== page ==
Reaction

Tom Spurgeon took note of the difficulty in using costumed characters to send messages about real world issues: "When I was a kid, I liked it when Captain America saw a high government official commit suicide. I thought that was way deep, man. But I never go there when thinking about Watergate. While Millar's Captain America and I may both worry about civil rights...the moment this leads Cap to take out a battalion of Secret Agents to buttress his point, he's kind of lost to me as a potential partner-in-ideology."

According to a scholarly analysis presented at the 2007 Comic-Con International, this story's conflict is a natural outgrowth of what psychologist Erich Fromm called the basic human dilemma, the conflicting desires for both security and freedom, and "character motivations on both sides arise from positive human qualities because Fromm’s image of human nature is ultimately optimistic, holding that people on either side are struggling to find what is best for all."

Comic tie-ins

(This list is in read order)

Road To Civil War

Civil War

  • Civil War #1
  • Amazing Spider-Man #532
  • Wolverine #42
  • She-Hulk (2nd series) #8
  • Civil War: Front Line #1
  • Civil War #2
  • Thunderbolts #103
  • New Avengers #20
  • Amazing Spider-Man #533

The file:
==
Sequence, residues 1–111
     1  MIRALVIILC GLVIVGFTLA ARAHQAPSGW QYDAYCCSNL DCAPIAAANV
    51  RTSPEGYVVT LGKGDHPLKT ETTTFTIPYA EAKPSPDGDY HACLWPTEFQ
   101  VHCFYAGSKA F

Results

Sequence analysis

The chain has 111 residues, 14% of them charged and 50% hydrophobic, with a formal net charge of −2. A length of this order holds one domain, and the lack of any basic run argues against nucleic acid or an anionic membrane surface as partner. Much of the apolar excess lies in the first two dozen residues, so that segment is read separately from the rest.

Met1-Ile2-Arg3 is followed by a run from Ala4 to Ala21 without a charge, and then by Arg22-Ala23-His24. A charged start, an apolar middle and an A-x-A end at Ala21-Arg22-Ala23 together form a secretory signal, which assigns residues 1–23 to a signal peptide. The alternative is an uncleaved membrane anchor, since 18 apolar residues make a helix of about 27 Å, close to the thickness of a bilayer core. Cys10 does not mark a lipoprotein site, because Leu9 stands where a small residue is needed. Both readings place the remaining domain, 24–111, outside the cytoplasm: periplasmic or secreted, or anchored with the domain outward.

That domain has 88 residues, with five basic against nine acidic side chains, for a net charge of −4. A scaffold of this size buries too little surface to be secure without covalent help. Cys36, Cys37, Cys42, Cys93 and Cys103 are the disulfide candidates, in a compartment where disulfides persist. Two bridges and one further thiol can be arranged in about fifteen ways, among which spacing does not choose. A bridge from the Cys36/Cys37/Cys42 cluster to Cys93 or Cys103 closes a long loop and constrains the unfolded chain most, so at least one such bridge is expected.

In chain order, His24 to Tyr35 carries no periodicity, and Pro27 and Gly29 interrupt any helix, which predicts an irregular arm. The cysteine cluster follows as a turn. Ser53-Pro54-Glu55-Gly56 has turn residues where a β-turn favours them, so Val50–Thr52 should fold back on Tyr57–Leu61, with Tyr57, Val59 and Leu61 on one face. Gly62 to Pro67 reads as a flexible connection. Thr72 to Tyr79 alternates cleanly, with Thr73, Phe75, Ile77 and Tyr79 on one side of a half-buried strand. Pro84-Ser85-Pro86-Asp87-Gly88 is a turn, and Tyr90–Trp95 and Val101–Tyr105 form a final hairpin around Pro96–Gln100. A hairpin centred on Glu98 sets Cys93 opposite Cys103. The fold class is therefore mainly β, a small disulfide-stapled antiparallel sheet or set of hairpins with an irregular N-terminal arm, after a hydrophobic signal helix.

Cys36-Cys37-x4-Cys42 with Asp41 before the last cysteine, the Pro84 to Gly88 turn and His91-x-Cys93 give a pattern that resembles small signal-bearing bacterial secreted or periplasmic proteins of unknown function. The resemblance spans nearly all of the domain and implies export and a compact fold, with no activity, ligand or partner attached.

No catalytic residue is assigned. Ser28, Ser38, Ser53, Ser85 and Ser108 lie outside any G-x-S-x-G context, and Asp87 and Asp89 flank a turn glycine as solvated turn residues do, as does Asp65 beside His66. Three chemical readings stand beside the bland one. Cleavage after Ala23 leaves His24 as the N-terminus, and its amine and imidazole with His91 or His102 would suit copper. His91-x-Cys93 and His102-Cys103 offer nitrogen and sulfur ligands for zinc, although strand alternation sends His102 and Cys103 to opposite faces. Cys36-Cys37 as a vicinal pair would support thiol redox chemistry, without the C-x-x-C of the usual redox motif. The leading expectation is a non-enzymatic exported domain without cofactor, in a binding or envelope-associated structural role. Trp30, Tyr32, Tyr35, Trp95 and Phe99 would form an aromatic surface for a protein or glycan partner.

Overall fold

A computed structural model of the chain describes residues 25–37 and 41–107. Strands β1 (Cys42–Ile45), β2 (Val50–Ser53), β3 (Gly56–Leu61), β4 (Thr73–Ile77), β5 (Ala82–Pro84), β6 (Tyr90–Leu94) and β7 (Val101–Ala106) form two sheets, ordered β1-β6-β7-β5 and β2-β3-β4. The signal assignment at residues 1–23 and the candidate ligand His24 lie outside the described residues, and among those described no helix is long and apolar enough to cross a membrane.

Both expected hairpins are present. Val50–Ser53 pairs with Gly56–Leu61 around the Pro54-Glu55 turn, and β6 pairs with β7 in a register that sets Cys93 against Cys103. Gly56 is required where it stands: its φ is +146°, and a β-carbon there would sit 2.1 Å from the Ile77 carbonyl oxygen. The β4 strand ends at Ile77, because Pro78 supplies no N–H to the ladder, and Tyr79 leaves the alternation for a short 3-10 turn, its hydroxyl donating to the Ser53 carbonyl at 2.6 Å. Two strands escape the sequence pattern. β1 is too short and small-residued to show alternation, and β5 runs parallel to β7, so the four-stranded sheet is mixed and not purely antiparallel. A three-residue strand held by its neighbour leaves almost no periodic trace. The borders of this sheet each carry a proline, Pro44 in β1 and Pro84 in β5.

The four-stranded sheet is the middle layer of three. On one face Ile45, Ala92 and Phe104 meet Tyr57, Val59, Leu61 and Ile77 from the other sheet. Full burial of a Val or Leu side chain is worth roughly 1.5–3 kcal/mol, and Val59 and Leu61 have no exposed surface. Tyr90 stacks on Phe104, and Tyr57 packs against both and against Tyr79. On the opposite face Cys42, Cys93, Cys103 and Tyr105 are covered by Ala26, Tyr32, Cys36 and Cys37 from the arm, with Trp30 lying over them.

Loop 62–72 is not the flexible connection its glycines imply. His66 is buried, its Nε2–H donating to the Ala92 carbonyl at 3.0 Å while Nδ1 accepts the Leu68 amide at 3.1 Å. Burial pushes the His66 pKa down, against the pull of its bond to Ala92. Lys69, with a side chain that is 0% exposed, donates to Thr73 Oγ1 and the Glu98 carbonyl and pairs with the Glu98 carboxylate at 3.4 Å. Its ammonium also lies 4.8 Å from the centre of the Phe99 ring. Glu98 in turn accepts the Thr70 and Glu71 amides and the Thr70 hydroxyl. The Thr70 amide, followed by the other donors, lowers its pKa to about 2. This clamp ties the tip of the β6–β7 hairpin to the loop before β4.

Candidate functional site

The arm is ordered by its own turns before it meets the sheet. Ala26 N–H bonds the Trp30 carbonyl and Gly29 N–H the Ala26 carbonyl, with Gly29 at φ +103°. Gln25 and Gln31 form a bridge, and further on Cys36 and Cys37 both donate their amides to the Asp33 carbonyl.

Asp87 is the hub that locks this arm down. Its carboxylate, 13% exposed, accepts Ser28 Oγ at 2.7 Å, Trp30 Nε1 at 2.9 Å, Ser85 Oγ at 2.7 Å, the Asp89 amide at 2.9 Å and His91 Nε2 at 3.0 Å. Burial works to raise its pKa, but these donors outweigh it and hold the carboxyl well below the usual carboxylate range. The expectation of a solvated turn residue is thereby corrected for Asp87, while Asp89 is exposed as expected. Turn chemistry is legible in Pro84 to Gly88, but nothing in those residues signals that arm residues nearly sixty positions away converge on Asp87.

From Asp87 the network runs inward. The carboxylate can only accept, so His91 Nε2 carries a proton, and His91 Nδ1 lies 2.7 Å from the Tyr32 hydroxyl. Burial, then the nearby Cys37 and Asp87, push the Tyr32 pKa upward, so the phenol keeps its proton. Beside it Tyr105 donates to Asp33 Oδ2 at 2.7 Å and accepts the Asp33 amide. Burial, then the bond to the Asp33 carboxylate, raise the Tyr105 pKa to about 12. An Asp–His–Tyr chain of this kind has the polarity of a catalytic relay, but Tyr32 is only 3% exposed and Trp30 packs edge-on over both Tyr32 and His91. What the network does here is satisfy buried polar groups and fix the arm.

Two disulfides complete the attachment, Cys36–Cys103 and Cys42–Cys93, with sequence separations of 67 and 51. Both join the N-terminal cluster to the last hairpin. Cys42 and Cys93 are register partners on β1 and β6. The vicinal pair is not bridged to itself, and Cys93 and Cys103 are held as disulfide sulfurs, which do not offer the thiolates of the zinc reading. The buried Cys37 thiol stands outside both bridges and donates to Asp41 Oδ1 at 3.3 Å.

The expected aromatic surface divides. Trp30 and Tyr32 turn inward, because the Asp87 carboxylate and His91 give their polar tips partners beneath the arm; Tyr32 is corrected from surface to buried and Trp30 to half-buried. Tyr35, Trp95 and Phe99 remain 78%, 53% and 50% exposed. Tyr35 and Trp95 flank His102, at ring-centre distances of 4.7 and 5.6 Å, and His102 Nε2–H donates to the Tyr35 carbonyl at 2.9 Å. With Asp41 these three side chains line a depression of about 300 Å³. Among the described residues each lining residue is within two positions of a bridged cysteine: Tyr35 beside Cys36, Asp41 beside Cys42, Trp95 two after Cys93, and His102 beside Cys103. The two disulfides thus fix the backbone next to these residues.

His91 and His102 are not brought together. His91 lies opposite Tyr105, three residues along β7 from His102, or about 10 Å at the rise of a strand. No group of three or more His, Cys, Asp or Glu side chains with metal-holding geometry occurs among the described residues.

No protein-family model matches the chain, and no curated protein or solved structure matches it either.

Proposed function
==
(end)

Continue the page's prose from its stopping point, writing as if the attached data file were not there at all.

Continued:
• Civil War: Front Line #2
  • New Avengers #21
  • Wolverine #43
  • Fantastic Four #538
  • X-Factor #8
  • Civil War: Front Line #3
  • Thunderbolts #104
  • Cable & Deadpool #30
  • Civil War #3
  • Civil War: X-Men #1
  • Daily Bugle Special Edition: Civil War
  • X-Factor #9
  • Amazing Spider-Man #534
  • Civil War: Front Line #4
  • Civil War: Young Avengers & Runaways #1
  • New Avengers #22
  • Wolverine #44
  • Fantastic Four #539
  • Civil War: Front Line #5
  • Black Panther #18
  • Ms. Marvel #6
  • Thunderbolts #105
  • Civil War: X-Men #2
  • Heroes for Hire #1
  • New Avengers #23
  • Wolverine #45
  • Cable & Deadpool #31
  • Civil War: Young Avengers & Runaways #2
  • Civil War Files
  • Ms. Marvel #7
  • Civil War #4
  • Civil War: X-Men #3
  • Fantastic Four #540
  • Wolverine #46
  • Civil War: Front Line #6
  • Amazing Spider-Man #535
  • Cable & Deadpool #32
  • Captain America (5th series) #22
  • Civil War: Young Avengers & Runaways #3
  • Heroes for Hire #2
  • New Avengers #24
  • Civil War: Front Line #7
  • Civil War: X-Men #4
  • Iron Man #13
  • Ms. Marvel #8
  • Wolverine #47
  • Captain America (5th series) #23
  • Civil War: Young Avengers & Runaways #4
  • Heroes for Hire #2
  • New Avengers #25
  • Civil War: Choosing Sides
  • Civil War #5
  • Iron Man #14
  • Civil War: Front Line #8
  • Punisher: War Journal #1
  • Fantastic Four #541
  • Amazing Spider-Man #536
  • Captain America (5th series) #24
  • Moon Knight #7
  • Wolverine #48
  • Civil War #6
  • Blade #5
  • Civil War: Battle Damage Report
  • Civil War Files
  • Civil War: Opening Shot Sketchbook
  • Civil War Poster Book
  • Civil War: The Confession
  • Civil War: The Initiative
  • Civil War: The Return
  • Civil War: War Crimes
  • Fallen Son: The Death of Captain America
  • Ghost Rider #8-10
  • Iron Man / Captain America: Casualties of War